I recently started teaching a graduate-level arts marketing course. When I was first handed the materials from the last time the course was offered, I immediately began sorting through to determine what would be useful to students learning the basics of arts marketing.

Something was missing, though. The only time the previous class had addressed money was toward the end of the course to discuss budgeting.

While managing a budget is an important skill, the role of revenue is a much larger part of an arts marketer’s job.

The way I see it, an arts marketer has two basic objectives:

Objective #1: Bring the arts and audiences together

Objective #2: Take responsibility for marketing revenue goals Read the rest of this entry »

Jeff Poulin

Jeff Poulin

In my last job, I worked to develop audiences. Today, I work in arts education. Many people curiously ask me why and how the two are connected. To which, I respond: “To develop audiences in the long run, a venue must work to ensure that future audience members receive a quality arts education.” This is exactly how I ended up in my previous position, before uncovering a chicken-and-egg style conundrum.

The Task-At-Hand

My work was with a large (2,111 seat) theatre in a European country capitol city. The venue was the first of its kind to bring blockbuster musical theatre to its audiences and capitalized on the new-found economic stability in a post-2008 economy. The time was ripe to be developing robust theatrical calendars, and audiences were justly on board.  However, the question became: how is this sustainable in the long run?  I began my work in the Marketing Department to understand the audience and devise strategies which would deliver on long term audience development goals. Read the rest of this entry »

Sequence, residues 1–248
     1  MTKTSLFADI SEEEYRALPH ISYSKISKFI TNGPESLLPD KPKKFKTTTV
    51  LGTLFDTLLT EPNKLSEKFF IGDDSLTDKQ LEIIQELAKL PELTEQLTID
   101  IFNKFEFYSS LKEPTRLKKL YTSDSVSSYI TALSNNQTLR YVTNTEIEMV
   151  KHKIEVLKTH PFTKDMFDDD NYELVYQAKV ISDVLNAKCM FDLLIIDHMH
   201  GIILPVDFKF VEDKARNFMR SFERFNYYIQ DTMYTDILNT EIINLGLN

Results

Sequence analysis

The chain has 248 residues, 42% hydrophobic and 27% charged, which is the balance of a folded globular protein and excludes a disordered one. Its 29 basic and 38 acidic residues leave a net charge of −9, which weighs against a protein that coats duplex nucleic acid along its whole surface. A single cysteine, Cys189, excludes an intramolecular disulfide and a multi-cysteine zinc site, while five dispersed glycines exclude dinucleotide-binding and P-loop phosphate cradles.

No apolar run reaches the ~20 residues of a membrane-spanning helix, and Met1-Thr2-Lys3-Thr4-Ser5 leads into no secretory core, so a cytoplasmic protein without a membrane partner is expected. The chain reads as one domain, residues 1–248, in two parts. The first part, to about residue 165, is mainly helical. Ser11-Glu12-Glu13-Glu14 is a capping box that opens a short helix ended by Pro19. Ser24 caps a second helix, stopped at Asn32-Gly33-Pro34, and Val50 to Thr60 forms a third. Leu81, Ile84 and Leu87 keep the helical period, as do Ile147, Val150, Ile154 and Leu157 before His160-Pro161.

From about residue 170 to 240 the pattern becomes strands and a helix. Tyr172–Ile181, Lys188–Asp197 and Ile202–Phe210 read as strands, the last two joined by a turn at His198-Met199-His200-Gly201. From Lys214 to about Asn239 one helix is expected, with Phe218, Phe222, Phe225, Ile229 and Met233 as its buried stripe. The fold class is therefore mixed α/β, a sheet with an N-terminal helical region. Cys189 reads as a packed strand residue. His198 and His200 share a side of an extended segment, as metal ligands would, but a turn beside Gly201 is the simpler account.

LC_socalMediaLogoTop_big_RGBOver the past few weeks, a new face has been popping up at street fairs and food festivals across the country: an Amazon “food truck,” doling out Kindle Fires alongside neighboring trucks’ hot dogs, hamburgers, and artisanal cupcakes.

Amazon isn’t angling to be a contestant on “The Great Food Truck Race,” though. Rather, it is making an effort to fulfill the needs and desires of today’s changing consumer. Amazon understands that today, technology is as much a part of the fabric of everyday life as eating and drinking, and it is addressing this shift head-on.

What does this have to do with the future of arts marketing? Read the rest of this entry »

Geeking Out on Data

Posted by Deborah Vaughn On October - 8 - 20141 COMMENT
Deb Vaughn

Deb Vaughn

If you read past the title of this blog entry you are probably one of the chosen people: the data geeks. You are the ones who love debating bar graphs vs pie charts (answer: bar graphs win. In general, they are clearer and easier to understand.) You spend hours deciding if a survey question should be multiple choice or single answer. You look for any opportunity to include an excel chart in your presentation. Yes, I’m talking about YOU. Don’t be afraid: you are among friends.

In the world of arts education, data can have a negative connotation. We live in an age of over-collection of data, much of which is never used to make decisions or change policy. This is frustrating for the data generators (schools, teachers, grantees) and data gatherers (parents, teachers, funders, administrators, policy makers). When data is presented, it is often over-visualized, leading to confusion and misinterpretation. Google “data visualization” and prepare to have a psychedelic experience with some really pretty designs. But in no way will it increase your understanding of any important issue. Read the rest of this entry »

Sean King

Sean King

Would you send a Vine to your grandmother?

Would you tell your teenager to check out an ad in the newspaper?

OMG, did you really just send that on Snapchat? And what the heck is Snapchat anyway?

Arts marketers have the challenge of providing support for nearly every major facet of our organizations from development to branding, ticket sales to programming, volunteer recruitment to public relations.